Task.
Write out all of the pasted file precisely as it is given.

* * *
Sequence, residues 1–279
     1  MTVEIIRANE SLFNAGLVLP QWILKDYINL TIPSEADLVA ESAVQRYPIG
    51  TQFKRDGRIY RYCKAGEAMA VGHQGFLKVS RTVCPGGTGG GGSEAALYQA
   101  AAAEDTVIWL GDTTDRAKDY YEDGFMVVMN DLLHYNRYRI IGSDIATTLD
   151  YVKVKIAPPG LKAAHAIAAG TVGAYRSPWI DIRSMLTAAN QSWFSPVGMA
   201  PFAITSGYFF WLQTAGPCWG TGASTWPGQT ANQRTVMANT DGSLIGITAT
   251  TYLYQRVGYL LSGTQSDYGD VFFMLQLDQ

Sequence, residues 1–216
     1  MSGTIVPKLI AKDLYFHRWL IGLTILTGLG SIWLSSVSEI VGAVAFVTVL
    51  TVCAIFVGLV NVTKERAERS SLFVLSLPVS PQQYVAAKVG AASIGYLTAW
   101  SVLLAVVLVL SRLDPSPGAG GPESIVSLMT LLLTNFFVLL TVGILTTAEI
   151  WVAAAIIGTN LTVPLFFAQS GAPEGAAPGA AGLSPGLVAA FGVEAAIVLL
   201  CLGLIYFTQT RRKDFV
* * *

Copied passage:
Sequence, residues 1–279
     1  MTVEIIRANE SLFNAGLVLP QWILKDYINL TIPSEADLVA ESAVQRYPIG
    51  TQFKRDGRIY RYCKAGEAMA VGHQGFLKVS RTVCPGGTGG GGSEAALYQA
   101  AAAEDTVIWL GDTTDRAKDY YEDGFMVVMN DLLHYNRYRI IGSDIATTLD
   151  YVKVKIAPPG LKAAHAIAAG TVGAYRSPWI DIRSMLTAAN QSWFSPVGMA
   201  PFAITSGYFF WLQTAGPCWG TGASTWPGQT ANQRTVMANT DGSLIGITAT
   251  TYLYQRVGYL LSGTQSDYGD VFFMLQLDQ

Sequence, residues 1–216
     1  MSGTIVPKLI AKDLYFHRWL IGLTILTGLG SIWLSSVSEI VGAVAFVTVL
    51  TVCAIFVGLV NVTKERAERS SLFVLSLPVS PQQYVAAKVG AASIGYLTAW
   101  SVLLAVVLVL SRLDPSPGAG GPESIVSLMT LLLTNFFVLL TVGILTTAEI
   151  WVAAAIIGTN LTVPLFFAQS GAPEGAAPGA AGLSPGLVAA FGVEAAIVLL
   201  CLGLIYFTQT RRKDFV